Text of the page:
April 10, 2015

Growco Conference: Daymond John’s Roadmap to Success

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Note: This is part of our on-going coverage of Inc. Magazine’s #GROWCO15 conference in Nashville, Tenn. Makes sure to read our previous post on 3D printed cars and the future of business, and check back early next week for additional takeaways and exclusive interviews with key speakers.

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Daymond John loves entrepreneurs.

As one of the stars of ABC’s “Shark Tank,” he’s certainly met his fair share. As the founder and CEO of FUBU, he’s also endured the highs and lows that come with the journey.

John recently shared some of his experiences on the main stage during his keynote address at Inc. Magazine’s GrowCo conference in Nashville, Tenn. To him, successful entrepreneurs are the first at the office and the last to leave. They thank everyone, but blame only themselves. They help others move up the ladder, but are never too concerned about their own title.

And they all follow a clear business roadmap en route to becoming a successful “shark.”

Set a goal

John has a “rags to riches” story that starts in the kitchen at Red Lobster and climbs to a the top of a multi-billion dollar fashion empire. It’s a journey set in motion by establishing one clear goal: He loved fashion and hip hop culture. He dreamed of creating his own business that combined both. John also refused to let others set goals for him and judge his success. Fueled by a ferocious ambition that he credits to his mother, reaching his own goal became his sole focus.

Do your homework

While there’s a certain amount of luck involved in breaking through as an entrepreneur, there’s also a lot of work that goes into positioning yourself to take advantage of that luck. John had no money and no knowledge about how to start a fashion company, but he knew he was the only one who had the power to change that. He grew up with several young hip-hop stars, and worked those connections to learn about where he needed to be and what he needed to do to in order to sell his vision.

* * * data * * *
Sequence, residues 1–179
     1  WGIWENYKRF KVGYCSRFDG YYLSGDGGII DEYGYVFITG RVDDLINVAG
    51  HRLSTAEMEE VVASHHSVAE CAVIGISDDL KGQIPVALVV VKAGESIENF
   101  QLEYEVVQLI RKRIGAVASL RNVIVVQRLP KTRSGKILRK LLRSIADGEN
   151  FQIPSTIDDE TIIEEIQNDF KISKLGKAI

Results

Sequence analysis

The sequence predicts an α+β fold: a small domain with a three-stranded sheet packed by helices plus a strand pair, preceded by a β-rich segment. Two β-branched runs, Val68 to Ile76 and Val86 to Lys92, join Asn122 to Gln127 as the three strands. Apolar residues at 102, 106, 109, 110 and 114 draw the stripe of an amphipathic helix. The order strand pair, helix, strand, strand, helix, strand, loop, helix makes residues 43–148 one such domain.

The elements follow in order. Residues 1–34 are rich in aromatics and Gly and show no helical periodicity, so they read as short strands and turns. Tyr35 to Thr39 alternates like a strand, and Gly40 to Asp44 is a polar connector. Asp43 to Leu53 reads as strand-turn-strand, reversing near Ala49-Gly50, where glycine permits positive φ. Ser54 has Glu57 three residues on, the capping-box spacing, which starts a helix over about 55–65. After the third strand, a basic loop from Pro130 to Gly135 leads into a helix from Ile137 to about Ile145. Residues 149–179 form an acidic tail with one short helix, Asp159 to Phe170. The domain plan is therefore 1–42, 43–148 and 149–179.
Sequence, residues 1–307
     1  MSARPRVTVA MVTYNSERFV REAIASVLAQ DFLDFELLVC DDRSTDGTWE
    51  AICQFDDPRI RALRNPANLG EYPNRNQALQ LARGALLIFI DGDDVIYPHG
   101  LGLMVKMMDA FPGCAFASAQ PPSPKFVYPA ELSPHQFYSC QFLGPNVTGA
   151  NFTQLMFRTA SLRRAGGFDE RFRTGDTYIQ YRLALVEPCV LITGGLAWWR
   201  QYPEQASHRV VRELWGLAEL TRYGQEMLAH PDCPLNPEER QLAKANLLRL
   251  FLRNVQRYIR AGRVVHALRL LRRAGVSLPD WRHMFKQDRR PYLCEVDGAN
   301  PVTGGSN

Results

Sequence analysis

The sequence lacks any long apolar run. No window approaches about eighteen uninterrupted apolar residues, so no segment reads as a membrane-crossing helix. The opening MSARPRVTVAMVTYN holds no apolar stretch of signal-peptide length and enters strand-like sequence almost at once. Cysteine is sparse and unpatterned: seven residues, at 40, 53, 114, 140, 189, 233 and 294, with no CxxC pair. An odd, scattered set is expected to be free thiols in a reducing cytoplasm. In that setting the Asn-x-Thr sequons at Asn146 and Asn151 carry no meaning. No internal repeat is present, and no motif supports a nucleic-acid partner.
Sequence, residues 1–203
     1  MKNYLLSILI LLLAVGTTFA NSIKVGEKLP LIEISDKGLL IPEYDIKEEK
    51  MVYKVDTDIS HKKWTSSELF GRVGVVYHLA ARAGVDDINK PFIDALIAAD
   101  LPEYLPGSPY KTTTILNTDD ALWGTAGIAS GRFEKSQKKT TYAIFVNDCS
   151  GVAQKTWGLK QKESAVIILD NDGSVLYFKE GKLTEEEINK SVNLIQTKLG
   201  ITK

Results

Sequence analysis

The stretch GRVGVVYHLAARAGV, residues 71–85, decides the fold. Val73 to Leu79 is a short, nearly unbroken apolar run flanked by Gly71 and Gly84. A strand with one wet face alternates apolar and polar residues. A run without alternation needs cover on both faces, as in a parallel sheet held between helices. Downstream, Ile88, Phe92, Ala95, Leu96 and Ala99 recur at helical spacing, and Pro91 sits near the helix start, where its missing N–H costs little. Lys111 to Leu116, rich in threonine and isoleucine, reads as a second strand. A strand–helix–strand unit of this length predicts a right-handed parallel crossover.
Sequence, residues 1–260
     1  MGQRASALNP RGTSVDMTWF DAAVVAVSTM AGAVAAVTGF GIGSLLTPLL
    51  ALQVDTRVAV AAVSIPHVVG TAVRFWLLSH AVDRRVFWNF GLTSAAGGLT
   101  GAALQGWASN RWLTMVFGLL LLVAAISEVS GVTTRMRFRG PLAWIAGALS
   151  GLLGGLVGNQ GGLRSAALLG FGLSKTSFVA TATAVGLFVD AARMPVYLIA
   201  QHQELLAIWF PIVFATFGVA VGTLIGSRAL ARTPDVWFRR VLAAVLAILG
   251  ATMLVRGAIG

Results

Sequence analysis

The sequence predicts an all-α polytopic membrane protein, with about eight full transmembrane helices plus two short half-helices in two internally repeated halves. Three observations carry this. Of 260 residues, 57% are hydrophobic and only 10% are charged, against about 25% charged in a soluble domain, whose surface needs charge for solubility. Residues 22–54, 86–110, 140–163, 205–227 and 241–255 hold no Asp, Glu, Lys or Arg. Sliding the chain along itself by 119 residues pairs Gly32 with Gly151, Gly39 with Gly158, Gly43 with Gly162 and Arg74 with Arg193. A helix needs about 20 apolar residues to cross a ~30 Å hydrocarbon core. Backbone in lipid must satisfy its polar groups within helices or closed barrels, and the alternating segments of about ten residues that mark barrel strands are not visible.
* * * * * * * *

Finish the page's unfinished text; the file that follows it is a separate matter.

John did his homework on what buyers and investors wanted to know, then worked to fake it until he could actually make it. He convinced friends and their connections to try on FUBU clothing, then snapped pictures for grassroots marketing efforts. At one point FUBU only had nine total pieces of clothing, but John found a way to showcase them in a hotel room during a popular trade show. He wound up taking orders for more than $300,000 worth of clothing that had yet to be made.

Adore what you do

The exhausting pursuit of success is far more manageable if you like what you do. That’s clear to pretty much everyone. Entrepreneurs often talk about needing to have a passion for your work, but John takes it to another level. You can’t force yourself into a business, he says. You need to discover what you love and what fulfills you, then pursue it with laser focus at all cost. For John, if the business isn’t something you can do forever even if no one is paying you to do it, there’s no reason to waste the time and energy trying to pursue it.

Remember that you’re the brand

It’s not just the business that needs an established brand — an entrepreneur needs an identity too. Citing his experiences on “Shark Tank,” John believes every entrepreneur should be able to describe themselves and their company in two-to-five words. Nike has “Just do it.” Apple has “Think Different.” As John said, “If you don’t know what you stand for, you leave it up to (investors) to interpret on their own.” A clear, concise, and powerful message will help entrepreneurs break down barriers and rapidly build powerful brand identity for their business.

Keep swimming

Fitting for a shark, John likes to close with a line from an animated Pixar movie. His daughter is a big Finding Nemo fan, and frequently reminds John to “just keep swimming or you will drown” when times are tough. Much of John’s speech focused on the highs and lows in his own life, including his parents’ divorce, his own divorce, and missed moments with his two children. He urges entrepreneurs to stay the course and ride out the rough times, noting that every overnight success usually takes 15 years. He’s certainly proof that thinking big, putting in the work, and pushing through the pain really does pay off.